Keeping up with the Joneses

July 27, 2009
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The idea of benchmarking isn’t new. We constantly compare our homes, our cars, and our jobs to those around us. In business, the idea is embedded in our daily “to do” list as we strive to stay competitive and highlight how we’re different. For some reason, we continually feel the need to compare our performance against others in the markets and customers we serve.

And often, it’s for the good of the company. It’s through competitive benchmarking that we’re able to discover our strengths, identify the areas where we can improve, and ultimately define best practices for our company.

If you focus only on the cost, you are at risk of missing the value. When we talk in terms of pricing and value, we consider a number of factors:

  • What you get. A single-purpose solution may be cheaper, but if you add up the total cost of all you need to get the same result – are you still saving money?
  • Lifespan. Technology purchases are investments. What is the lifespan of your purchase and does it fit your organization’s long-term plans? Can you co-exist with multiple generations/releases?
  • No trade-offs. To receive equal performance or capabilities, do you have to make concessions on timeframe,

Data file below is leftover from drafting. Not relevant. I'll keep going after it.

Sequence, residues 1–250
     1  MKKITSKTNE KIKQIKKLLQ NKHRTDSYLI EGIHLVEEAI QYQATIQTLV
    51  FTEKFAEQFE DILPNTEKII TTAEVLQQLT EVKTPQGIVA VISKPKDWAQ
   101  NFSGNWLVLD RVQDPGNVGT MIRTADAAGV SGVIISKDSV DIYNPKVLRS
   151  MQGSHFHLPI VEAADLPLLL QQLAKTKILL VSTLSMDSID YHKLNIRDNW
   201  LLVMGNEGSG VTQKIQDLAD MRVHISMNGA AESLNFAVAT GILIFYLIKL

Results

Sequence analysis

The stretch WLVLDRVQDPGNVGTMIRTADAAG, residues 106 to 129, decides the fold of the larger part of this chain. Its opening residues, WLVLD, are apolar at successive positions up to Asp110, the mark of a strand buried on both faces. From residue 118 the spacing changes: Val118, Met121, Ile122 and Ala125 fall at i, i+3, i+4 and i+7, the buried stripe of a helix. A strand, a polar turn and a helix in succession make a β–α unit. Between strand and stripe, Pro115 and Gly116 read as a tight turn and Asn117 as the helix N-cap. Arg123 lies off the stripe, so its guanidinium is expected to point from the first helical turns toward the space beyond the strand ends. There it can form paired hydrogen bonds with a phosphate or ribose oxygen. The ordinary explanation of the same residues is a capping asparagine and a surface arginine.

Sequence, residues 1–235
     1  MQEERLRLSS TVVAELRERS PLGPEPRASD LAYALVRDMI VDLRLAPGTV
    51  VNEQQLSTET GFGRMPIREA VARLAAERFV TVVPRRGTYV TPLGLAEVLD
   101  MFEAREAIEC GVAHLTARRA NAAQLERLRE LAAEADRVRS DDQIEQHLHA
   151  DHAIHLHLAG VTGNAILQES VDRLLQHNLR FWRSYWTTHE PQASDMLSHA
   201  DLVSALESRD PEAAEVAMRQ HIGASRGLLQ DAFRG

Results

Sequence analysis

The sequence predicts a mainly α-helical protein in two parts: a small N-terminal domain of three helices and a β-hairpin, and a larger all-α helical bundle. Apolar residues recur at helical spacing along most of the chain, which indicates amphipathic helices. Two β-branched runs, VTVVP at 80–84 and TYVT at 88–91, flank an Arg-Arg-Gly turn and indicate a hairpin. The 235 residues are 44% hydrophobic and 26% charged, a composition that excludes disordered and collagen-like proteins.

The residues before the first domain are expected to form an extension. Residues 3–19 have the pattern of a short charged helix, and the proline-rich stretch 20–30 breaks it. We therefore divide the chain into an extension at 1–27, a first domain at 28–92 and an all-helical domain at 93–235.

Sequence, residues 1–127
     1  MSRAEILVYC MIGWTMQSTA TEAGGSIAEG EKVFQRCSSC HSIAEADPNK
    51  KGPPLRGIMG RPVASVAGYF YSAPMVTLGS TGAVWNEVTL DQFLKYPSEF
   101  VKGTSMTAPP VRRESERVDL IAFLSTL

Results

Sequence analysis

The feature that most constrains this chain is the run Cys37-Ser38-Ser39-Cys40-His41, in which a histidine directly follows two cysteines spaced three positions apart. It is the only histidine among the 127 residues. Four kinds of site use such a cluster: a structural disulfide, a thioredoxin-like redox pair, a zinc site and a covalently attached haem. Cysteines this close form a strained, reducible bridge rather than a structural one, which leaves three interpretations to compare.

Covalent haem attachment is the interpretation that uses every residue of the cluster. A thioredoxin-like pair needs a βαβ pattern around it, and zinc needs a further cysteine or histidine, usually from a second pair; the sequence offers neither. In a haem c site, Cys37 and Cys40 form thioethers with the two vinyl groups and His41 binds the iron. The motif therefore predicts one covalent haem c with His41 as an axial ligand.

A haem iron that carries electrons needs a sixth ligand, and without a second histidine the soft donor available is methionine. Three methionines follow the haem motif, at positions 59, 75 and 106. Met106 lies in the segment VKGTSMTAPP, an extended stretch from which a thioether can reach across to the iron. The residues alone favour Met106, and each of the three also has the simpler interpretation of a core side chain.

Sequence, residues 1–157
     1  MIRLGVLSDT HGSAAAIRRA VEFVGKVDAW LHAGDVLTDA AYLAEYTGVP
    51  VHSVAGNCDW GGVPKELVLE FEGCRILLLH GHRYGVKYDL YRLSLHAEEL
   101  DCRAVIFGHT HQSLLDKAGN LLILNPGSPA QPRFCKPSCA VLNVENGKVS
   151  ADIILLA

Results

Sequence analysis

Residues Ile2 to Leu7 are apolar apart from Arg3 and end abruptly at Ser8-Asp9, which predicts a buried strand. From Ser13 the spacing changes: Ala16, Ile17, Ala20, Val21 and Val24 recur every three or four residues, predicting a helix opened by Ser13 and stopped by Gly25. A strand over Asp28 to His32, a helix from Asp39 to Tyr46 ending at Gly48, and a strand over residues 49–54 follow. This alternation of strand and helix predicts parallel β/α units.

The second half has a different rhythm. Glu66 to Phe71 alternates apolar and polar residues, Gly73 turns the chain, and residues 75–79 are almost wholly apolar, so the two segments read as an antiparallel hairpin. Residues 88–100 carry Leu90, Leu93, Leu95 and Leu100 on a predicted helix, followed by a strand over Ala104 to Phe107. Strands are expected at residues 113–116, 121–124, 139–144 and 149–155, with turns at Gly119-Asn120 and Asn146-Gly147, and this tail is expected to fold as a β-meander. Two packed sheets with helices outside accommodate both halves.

The idea of benchmarking isn’t new. We constantly compare our homes, our cars, and our jobs to those around us. In business, the idea is embedded in our daily “to do” list as we strive to stay competitive and highlight how we’re different. For some reason, we continually feel the need to compare our performance against others in the markets and customers we serve.

And often, it’s for the good of the company. It’s through competitive benchmarking that we’re able to discover our strengths, identify the areas where we can improve, and ultimately define best practices for our company.

If you focus only on the cost, you are at risk of missing the value. When we talk in terms of pricing and value, we consider a number of factors:

  • What you get. A single-purpose solution may be cheaper, but if you add up the total cost of all you need to get the same result – are you still saving money?
  • Lifespan. Technology purchases are investments. What is the lifespan of your purchase and does it fit your organization’s long-term plans? Can you co-exist with multiple generations/releases?
  • No trade-offs. To receive equal performance or capabilities, do you have to make concessions on timeframe, availability or another dimension? What is the total cost of those tradeoffs?
  • Support. What services are available to you as part of your purchase?
  • Reputation. How is the solution rated – by independent experts on qualities that matter to you?
  • Results. You can’t manage what you don’t measure. To make that point, when it comes to ROI, do you know if your “R” is ultimately larger than your “I”?

Let’s face it, the most valuable asset you have to help you keep up with—and surpass—the Joneses is your company’s data. That’s exactly what makes it priceless. What do you get from your data?

Darryl McDonald
CMO, Teradata